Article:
Even though the Ombika waterhole lies very close to the Andersson Gate, and is the first such site passed en route to the Okaukuejo Rest Camp, it`s usually worth a look as the location is popular with many species, and supposedly a good place to spot lions although I`ve never seen any here. The name Ombika is a combination of an Owambo prefix, ‘om‘ and the Hai||om word ‘bika‘, which literally means to `force up and give water`. This source was originally used by people walking the old contract labour trail from the farming areas south of Etosha to Owambo in the north. Ombika is also apparently the name of a type of hand-pick which these early travellers utilised to dig down and reach the water.
The source is now a contact spring, supplemented during dry periods by a solar powered pump, so water is usually available all year-round. During periods of extreme drought, however, there are times when Ombika fails.
During the winter dry-season, the water level drops considerably and, as the pool is within a deep depression and quite far from the parking area, the animals, particularly the smaller ones, all but disappear from view when they start drinking.
When the rains do come, the pool fills rapidly and overflows almost to the edge of the parking lot. Spring also brings the Catophractes alexandri and Acacia nebrownii into flower, which attracts large numbers of giraffe which feast on these blooms. These spectacular animals seem to favour Ombika whatever the season, however, and they were present most days when I visited during September and into October.
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Giraffe, Black-faced Impala and Helmeted Guineafowl.
One day, while exploring Etosha on our second holiday, my wife and I had stayed at the Ozonjuitji m`Bari waterhole until midday before driving back to Okaukuejo. After filling up with diesel at the rest camp pumps, we headed for the Park exit, intending to spend the rest of the day relaxing at Etosha Safari Lodge. As we passed the turn-off for Ombika, we could see a herd of elephants at the waterhole so we drove in for a look. A couple of the National Park`s safari trucks with clients on board did likewise. It was a very peaceful scene with the animals looking very relaxed as they slaked their thirst.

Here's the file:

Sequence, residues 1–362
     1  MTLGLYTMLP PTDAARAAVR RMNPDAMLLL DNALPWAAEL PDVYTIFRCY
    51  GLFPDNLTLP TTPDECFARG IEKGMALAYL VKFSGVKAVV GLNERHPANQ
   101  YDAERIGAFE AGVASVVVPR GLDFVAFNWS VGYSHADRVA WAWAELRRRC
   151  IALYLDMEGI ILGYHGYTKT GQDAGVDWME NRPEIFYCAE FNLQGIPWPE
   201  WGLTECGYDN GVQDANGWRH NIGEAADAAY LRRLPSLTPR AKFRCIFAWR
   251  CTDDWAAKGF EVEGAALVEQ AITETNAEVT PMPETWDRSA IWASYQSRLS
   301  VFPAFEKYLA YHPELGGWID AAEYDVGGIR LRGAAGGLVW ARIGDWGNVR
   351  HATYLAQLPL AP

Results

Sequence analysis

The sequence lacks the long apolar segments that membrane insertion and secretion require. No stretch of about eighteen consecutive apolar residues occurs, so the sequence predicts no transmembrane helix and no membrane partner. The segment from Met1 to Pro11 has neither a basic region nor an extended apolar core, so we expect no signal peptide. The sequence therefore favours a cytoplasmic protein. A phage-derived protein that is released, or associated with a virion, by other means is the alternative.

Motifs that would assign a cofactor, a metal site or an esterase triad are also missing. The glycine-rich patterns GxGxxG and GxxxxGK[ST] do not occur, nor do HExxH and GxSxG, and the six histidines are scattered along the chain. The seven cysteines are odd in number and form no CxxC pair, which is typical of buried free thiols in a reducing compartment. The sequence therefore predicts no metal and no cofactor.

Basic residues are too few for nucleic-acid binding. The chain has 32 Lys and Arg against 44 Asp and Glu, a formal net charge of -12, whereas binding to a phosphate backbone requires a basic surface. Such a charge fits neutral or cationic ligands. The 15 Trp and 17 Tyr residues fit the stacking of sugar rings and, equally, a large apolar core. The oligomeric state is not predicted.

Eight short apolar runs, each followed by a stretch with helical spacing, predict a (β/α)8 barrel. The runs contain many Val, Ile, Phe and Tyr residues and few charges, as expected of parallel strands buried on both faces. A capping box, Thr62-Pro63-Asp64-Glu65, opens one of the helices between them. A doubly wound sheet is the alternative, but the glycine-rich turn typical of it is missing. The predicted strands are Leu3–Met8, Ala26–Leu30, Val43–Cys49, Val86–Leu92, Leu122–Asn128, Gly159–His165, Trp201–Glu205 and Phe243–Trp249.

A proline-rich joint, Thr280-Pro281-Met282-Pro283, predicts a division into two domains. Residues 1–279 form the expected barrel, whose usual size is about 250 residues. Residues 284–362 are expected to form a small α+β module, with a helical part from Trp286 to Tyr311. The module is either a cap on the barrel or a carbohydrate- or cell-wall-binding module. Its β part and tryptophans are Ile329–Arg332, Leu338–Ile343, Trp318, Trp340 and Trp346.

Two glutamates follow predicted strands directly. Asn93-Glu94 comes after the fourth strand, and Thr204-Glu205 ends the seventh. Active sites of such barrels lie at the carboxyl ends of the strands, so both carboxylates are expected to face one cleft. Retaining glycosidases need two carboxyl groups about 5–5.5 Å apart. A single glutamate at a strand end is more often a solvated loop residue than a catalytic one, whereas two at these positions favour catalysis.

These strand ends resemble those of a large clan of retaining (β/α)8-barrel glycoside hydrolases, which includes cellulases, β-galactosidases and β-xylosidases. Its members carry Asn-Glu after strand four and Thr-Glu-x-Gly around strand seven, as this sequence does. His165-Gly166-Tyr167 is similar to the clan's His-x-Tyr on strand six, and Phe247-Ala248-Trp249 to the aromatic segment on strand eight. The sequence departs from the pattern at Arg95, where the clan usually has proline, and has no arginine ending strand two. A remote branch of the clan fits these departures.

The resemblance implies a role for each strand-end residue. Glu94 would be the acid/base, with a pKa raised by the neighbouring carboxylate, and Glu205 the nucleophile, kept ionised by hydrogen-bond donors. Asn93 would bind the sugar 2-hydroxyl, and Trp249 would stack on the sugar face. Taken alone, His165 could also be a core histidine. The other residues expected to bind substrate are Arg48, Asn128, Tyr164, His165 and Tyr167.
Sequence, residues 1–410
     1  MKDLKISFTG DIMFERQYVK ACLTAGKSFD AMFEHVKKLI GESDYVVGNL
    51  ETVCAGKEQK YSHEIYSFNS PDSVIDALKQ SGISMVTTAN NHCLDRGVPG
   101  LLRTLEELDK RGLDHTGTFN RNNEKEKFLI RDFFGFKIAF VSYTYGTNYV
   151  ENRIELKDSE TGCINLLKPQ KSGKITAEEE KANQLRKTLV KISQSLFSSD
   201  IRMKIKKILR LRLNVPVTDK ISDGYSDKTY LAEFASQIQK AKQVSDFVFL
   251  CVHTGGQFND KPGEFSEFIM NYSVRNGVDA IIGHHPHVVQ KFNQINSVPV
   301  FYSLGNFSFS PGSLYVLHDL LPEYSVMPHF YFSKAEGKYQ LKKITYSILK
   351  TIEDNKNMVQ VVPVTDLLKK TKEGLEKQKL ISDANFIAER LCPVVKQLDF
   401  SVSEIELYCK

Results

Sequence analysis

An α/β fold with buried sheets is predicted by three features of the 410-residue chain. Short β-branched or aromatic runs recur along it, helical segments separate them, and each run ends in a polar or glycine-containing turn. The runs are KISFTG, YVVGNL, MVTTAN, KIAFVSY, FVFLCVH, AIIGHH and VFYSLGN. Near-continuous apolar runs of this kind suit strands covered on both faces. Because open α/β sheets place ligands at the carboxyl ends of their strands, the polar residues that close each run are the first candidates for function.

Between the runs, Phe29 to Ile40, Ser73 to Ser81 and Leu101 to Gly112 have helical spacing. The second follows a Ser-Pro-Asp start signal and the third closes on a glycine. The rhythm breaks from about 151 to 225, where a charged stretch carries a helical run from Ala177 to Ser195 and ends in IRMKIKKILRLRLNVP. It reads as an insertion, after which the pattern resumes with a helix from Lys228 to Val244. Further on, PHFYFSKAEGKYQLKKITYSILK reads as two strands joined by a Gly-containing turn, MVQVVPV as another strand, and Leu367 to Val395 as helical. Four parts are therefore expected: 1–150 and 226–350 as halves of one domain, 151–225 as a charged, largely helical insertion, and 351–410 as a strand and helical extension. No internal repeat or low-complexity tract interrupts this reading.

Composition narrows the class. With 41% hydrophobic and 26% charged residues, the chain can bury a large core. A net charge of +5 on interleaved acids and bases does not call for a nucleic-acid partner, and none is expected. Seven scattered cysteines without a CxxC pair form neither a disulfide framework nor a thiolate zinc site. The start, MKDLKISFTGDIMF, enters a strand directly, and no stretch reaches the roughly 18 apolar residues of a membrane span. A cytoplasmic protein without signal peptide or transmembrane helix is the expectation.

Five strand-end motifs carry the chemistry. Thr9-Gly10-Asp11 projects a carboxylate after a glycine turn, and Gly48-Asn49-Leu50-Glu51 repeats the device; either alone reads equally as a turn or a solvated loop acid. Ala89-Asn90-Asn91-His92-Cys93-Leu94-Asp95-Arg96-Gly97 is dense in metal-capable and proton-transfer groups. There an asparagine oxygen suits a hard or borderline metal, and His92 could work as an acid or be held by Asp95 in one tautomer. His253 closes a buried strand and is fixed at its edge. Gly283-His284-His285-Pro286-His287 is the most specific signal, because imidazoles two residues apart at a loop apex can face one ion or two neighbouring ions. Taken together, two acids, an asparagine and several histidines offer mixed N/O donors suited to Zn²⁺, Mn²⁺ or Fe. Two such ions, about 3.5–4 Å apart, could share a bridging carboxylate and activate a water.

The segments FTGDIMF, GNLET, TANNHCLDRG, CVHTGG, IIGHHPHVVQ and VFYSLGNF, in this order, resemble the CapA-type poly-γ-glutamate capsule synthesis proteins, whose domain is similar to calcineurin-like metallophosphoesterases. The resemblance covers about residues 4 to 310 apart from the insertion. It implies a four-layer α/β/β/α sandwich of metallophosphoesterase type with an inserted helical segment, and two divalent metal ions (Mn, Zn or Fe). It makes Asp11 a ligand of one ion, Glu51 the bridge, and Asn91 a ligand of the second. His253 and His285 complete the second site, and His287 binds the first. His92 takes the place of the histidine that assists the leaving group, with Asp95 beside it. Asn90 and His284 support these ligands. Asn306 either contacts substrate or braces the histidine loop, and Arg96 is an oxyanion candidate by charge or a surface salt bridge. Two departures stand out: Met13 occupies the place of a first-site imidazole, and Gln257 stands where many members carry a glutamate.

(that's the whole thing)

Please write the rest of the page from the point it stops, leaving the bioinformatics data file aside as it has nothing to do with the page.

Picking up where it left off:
After drinking and splashing around for a bit, the elephants all began to climb out. One of the matriarchs (on the right above) followed the calves, but without warning toppled over and went down like the proverbial `ton of bricks`, trumpeting in terror. To the human spectators and other elephants it initially looked as though she`d been shot, but her left foot had slipped on the muddy rim causing her to fall over. Her leg must have been badly twisted.
The poor beast was obviously shocked and in great pain but the other elephants gathered round and her partner patiently encouraged her to stand and eventually step cautiously out of the hole while he shooed-away unwanted spectators! The injured female managed to put weight on her foot and slowly walked off so it appeared that her leg wasn`t broken. The incident was just another reminder as to how precarious life can be for the animals trying to survive day-to-day here, irrespective of how large and powerful they are.
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Our our latest holiday, I drove round the Ombika Detour Road. This is a fairly short loop which rejoins the Andersson Gate - Okaukuejo road a couple of kilometres north of the waterhole turnoff . There wasn`t a great deal to see but back on the main road heading for the restcamp, these vultures and a Jackal were devouring all that remained of an adult Kudu carcass.
Red Harterbeest made a welcome addition to the large numbers of Springbok, Wildebeest, Kudu and Black-faced Impala that tend to visit the Ombika waterhole. The Red Hartebeest is a large, reddish-fawn antelope with a sloping back, a long narrow face and both sexes have heavily ringed horns. Of the twelve subspecies found in Africa, the Red Hartebeest is the only one which occurs in southern Africa. This animals` name comes from the Dutch word `hert` which means deer in Dutch and `beest` meaning beast. The term hartebeest was used by the early Boer settlers who thought the animals resembled a deer. Red Hartebeest are predominantly a grazing species and their preferred habitats are the dry, arid regions of Namibia, the Kalahari Desert, southern Botswana, and north-western South Africa. Following a gestation period of eight months, single calves are normally born just before the summer rains. For a brief period, new calves are hidden in dense vegetation before they grow strong enough to safely join the herd.